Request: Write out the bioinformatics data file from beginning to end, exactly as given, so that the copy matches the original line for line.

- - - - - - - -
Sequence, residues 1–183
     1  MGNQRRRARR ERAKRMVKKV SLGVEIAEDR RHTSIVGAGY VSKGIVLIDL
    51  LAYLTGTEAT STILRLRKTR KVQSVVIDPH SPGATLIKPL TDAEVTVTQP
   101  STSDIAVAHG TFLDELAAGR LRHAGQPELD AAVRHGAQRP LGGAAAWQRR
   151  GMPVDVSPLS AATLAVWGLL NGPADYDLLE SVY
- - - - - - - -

Sequence, residues 1–183
     1  MGNQRRRARR ERAKRMVKKV SLGVEIAEDR RHTSIVGAGY VSKGIVLIDL
    51  LAYLTGTEAT STILRLRKTR KVQSVVIDPH SPGATLIKPL TDAEVTVTQP
   101  STSDIAVAHG TFLDELAAGR LRHAGQPELD AAVRHGAQRP LGGAAAWQRR
   151  GMPVDVSPLS AATLAVWGLL NGPADYDLLE SVY